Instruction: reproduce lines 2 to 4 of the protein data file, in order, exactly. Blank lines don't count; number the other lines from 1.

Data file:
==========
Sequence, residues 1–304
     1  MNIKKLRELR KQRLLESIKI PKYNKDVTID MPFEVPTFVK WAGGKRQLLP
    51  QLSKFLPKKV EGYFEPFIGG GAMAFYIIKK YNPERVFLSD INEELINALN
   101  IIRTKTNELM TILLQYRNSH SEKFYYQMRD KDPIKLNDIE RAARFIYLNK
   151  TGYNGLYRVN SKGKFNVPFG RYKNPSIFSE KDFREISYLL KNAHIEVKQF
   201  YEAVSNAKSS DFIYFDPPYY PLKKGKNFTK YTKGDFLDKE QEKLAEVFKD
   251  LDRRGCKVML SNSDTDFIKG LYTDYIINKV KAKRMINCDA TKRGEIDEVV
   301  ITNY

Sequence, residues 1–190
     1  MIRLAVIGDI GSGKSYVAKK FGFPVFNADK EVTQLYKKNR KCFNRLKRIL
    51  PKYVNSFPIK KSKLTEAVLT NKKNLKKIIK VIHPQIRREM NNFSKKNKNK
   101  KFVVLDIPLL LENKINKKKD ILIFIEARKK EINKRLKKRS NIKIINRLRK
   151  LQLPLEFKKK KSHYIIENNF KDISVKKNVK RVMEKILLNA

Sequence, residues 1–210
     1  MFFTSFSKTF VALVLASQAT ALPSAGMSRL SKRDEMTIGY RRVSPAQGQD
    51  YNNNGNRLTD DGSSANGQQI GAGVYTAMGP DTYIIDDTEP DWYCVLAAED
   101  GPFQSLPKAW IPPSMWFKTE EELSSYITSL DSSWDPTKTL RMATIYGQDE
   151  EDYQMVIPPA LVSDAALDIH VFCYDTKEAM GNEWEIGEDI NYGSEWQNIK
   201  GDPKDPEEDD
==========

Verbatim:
     1  MNIKKLRELR KQRLLESIKI PKYNKDVTID MPFEVPTFVK WAGGKRQLLP
    51  QLSKFLPKKV EGYFEPFIGG GAMAFYIIKK YNPERVFLSD INEELINALN
   101  IIRTKTNELM TILLQYRNSH SEKFYYQMRD KDPIKLNDIE RAARFIYLNK